Yeah, sure. Specific influences of Judaism on Vorinism. There are a couple of things. And I can go on this one for a while. I will pick Numerology which-- Jewish Numerology is really cool, particularly if you go back-- Like we always focus on alchemy and astrology as kind of the pseudosciences that were really interesting to scientists back in the day. If you don't know, Newton thought that alchemy was real and he could figure out how to make it work. I love these things that people approach scientifically but have supernat-- superstitious roots. And Jewish Numerology is really cool because the letters and numbers are basically the same thing, so a name can actually mean numbers, and vice-versa, and stuff like that. Which leads to some really cool and interesting attempts to understand the world by taking things from the Torah and transferring them back and forth between numbers and things. That sort of thing is very prevalent in the Vorin religion. To the point that it was really important to them, and then got forbidden. Because they were spending too much time on it. And you will find out roots about that. But that was an inspiration for Vorinism. Of course the Sephir, from the Tree of Life, were an inspiration for the Double Eye of the Almighty, and the idea behind all the different connections and philosophy going in that. The language. Kholin is actually pronounced /χolɪn/, and things like this--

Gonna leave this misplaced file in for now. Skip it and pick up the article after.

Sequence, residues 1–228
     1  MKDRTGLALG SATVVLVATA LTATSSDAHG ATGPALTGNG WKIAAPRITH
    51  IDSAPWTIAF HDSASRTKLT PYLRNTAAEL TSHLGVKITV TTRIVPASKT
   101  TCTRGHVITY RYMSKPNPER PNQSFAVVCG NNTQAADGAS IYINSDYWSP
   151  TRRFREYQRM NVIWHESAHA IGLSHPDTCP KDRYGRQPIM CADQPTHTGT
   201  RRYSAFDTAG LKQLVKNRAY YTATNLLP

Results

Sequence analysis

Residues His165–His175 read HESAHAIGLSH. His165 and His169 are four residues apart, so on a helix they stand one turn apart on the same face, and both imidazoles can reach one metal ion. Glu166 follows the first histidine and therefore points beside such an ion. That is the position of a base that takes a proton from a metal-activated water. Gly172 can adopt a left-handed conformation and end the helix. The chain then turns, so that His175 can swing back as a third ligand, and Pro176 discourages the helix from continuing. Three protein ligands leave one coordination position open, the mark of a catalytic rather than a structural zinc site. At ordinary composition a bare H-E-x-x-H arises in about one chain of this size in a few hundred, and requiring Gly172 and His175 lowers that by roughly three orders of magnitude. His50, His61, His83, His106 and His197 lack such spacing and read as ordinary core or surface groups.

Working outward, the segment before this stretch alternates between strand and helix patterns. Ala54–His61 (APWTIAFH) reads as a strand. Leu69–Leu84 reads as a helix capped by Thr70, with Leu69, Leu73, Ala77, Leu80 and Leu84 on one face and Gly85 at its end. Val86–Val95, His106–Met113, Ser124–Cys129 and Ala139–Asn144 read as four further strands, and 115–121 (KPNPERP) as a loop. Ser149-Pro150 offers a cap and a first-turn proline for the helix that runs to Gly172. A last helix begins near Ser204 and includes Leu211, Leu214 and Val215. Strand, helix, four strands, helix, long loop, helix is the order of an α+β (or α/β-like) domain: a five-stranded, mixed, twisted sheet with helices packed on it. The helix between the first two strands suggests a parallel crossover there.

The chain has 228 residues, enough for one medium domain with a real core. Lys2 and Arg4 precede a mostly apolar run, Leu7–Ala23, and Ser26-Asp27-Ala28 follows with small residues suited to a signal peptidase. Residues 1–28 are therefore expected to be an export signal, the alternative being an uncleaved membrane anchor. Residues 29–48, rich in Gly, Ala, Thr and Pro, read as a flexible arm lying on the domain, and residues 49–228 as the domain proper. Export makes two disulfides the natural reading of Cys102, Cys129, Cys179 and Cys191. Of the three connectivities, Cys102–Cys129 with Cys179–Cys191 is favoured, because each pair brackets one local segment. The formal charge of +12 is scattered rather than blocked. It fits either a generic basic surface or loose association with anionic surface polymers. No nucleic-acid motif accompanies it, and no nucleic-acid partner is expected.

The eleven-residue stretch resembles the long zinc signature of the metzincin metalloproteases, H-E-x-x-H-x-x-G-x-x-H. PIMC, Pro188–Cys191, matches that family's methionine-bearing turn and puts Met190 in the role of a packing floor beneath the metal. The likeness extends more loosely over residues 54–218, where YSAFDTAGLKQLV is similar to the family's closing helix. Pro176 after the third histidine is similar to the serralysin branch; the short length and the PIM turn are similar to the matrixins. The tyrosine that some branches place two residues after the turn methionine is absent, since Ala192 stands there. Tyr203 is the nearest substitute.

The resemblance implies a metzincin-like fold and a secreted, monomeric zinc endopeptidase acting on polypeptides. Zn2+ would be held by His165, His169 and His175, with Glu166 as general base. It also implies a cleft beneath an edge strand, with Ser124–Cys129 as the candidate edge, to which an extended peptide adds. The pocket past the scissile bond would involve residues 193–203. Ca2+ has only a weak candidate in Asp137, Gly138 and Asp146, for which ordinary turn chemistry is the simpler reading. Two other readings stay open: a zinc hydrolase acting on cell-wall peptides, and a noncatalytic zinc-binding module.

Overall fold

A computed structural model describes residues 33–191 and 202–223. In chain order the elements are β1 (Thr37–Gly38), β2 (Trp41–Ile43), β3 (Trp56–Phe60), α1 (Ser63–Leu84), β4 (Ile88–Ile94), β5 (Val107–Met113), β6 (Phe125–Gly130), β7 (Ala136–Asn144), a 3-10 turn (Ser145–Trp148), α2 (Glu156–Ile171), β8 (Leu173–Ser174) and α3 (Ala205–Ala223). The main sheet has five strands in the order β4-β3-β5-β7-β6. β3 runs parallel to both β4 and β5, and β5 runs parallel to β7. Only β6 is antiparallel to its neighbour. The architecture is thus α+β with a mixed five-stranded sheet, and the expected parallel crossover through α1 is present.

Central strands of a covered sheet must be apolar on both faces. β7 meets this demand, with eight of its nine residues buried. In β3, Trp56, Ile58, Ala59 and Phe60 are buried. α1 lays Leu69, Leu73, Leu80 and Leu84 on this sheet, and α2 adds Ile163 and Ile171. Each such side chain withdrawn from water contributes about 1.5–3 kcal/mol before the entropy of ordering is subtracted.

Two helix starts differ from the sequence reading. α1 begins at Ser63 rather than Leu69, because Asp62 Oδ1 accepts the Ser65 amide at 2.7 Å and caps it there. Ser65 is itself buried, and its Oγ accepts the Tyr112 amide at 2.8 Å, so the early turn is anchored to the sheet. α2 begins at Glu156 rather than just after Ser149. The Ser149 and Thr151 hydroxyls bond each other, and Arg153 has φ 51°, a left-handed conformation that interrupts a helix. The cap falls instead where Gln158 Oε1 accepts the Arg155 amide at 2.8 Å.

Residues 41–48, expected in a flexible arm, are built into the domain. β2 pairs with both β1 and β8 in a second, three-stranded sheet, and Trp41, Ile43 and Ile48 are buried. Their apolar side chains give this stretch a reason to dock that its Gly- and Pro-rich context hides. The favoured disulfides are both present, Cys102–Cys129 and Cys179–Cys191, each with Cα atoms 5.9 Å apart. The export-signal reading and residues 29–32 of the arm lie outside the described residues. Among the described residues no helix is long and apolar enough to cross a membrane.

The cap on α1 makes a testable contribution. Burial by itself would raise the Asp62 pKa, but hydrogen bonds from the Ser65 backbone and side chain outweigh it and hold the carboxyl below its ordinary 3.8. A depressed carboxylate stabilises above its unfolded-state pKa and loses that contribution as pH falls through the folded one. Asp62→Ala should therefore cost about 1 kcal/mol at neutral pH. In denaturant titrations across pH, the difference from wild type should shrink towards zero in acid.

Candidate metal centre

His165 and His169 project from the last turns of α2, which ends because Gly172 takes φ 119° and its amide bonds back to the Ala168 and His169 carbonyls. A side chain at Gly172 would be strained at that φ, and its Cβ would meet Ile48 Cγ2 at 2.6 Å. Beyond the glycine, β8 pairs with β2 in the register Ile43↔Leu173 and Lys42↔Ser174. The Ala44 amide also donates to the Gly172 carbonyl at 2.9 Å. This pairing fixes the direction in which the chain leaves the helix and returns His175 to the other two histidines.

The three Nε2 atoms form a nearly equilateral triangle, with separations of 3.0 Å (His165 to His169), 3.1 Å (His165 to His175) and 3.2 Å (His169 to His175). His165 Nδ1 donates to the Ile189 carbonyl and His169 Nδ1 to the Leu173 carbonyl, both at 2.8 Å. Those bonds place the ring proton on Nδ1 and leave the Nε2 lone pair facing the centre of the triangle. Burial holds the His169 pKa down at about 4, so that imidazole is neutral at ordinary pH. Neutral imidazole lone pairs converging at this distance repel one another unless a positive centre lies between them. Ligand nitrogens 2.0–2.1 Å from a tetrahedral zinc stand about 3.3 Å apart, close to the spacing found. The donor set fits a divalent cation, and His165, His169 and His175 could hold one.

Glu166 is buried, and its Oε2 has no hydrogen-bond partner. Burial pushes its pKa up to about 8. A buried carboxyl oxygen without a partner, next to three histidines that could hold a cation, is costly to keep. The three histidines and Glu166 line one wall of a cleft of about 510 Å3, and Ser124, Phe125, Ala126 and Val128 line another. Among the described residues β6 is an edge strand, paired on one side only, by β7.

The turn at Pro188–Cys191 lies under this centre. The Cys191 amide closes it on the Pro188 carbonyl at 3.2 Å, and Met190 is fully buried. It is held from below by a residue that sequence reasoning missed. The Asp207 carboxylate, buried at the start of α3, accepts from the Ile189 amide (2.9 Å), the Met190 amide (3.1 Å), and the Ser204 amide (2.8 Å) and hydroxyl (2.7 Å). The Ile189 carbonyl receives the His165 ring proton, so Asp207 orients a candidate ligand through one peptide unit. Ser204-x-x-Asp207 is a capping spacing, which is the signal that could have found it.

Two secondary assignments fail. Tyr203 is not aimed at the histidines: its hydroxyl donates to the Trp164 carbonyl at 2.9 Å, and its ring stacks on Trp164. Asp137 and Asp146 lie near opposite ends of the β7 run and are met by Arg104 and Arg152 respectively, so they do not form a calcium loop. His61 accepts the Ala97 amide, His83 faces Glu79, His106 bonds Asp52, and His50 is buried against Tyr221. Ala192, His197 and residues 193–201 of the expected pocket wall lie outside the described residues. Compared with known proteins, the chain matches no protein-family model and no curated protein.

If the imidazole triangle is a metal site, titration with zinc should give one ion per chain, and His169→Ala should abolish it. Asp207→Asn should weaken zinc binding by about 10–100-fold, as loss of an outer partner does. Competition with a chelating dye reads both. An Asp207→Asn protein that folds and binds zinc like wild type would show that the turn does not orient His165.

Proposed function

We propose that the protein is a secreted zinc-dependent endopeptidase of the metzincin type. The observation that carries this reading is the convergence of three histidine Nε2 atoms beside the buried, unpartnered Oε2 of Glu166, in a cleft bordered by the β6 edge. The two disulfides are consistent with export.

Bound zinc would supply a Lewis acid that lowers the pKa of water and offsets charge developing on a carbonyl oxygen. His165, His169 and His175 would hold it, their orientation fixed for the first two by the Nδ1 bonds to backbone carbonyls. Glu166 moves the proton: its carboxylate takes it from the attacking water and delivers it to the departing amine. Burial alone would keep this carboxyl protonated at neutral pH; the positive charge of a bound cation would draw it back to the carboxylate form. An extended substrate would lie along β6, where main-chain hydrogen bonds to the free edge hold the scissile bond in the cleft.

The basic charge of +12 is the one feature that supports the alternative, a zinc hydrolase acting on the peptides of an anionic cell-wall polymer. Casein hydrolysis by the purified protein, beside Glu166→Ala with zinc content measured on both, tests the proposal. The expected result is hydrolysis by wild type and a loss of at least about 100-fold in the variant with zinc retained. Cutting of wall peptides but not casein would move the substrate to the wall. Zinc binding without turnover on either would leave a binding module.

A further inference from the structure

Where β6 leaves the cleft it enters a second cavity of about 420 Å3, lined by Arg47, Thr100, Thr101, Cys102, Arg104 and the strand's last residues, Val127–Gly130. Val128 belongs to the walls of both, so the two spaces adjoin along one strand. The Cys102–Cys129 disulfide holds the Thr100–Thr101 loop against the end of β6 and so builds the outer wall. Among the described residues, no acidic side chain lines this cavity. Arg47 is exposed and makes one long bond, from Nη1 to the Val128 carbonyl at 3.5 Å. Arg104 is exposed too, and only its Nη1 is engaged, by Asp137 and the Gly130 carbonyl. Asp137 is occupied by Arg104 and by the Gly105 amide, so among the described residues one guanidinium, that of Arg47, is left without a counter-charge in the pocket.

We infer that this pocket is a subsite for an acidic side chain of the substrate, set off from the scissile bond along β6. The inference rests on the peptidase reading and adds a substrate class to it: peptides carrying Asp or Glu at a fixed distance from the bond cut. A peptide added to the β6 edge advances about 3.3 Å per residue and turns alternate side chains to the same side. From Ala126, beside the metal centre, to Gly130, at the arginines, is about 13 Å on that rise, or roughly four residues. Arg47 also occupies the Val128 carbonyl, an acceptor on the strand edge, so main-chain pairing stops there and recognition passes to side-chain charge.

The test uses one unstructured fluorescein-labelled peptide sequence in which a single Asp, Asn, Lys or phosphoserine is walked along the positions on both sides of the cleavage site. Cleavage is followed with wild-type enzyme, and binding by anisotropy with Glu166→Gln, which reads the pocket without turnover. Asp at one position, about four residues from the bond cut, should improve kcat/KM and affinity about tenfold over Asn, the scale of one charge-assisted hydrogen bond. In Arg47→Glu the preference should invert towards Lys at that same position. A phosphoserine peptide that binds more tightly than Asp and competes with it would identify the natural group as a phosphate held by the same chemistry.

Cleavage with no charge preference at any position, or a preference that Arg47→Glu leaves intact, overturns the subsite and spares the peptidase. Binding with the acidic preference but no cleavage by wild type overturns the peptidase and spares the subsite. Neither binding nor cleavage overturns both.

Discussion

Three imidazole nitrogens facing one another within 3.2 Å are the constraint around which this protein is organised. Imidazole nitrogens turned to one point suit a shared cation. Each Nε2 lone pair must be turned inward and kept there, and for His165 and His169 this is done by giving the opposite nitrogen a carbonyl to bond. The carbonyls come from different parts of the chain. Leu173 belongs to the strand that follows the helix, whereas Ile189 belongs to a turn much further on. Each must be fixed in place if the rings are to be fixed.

Was that-- Sorry... Was Kholin supposed to be kind of close to kohen? Because--
So yeah, you're going to find all kinds of things like that in linguistic roots. And there is of course more but I will move on from that because I can talk too long on that. But yeah, there's some very fun stuff.
Alright, who would win in a fight: Rand al'Thor or Vin?
Who would win in a fight, Rand al'Thor or Vin. I'm going to go with the person who's a pseudo-diety and held the powers of creation. Which is gonna be-- Yeah. I'm gunna say Rand on that one, pretty safely. With the caveat of "You have to pick when". If Vin where able to get to Rand while he's still on a farm, I think she'll do a better job than the Trollocs did. If you replace Narg with Vin, Rand is in trouble. If at the ends of their respective series, I still think Rand would win, even when Vin is at her most powerful., because he is able to bend reality. But I don't know, Jason?
Oh I definitely agree, but I'm a little bit biased here. But yeah it really does depend on the time. Like if you take Vin at the last few pages of Mistborn, I don't know because she's--
Yeah, certain spoiler-rific things happen there. So she could give him a fight at that point, but I'm going to side with Rand on this. I'm going to side with Rand versus any character in most pieces of fiction.
On the nature of shardblades, to an extent, can a live blade be split without harming it's source, so to speak?